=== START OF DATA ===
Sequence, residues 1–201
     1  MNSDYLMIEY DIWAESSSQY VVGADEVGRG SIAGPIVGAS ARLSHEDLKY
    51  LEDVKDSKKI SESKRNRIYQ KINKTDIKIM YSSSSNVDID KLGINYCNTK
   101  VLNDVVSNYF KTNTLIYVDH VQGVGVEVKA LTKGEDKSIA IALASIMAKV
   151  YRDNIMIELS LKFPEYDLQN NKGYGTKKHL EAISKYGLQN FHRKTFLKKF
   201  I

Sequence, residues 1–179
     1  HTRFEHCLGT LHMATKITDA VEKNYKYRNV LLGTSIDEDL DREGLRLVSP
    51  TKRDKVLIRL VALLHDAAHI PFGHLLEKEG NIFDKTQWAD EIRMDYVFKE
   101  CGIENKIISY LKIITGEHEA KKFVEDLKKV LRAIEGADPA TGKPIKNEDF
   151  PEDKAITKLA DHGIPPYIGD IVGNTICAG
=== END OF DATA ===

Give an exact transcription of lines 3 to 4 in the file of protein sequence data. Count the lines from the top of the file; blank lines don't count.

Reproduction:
    51  LEDVKDSKKI SESKRNRIYQ KINKTDIKIM YSSSSNVDID KLGINYCNTK
   101  VLNDVVSNYF KTNTLIYVDH VQGVGVEVKA LTKGEDKSIA IALASIMAKV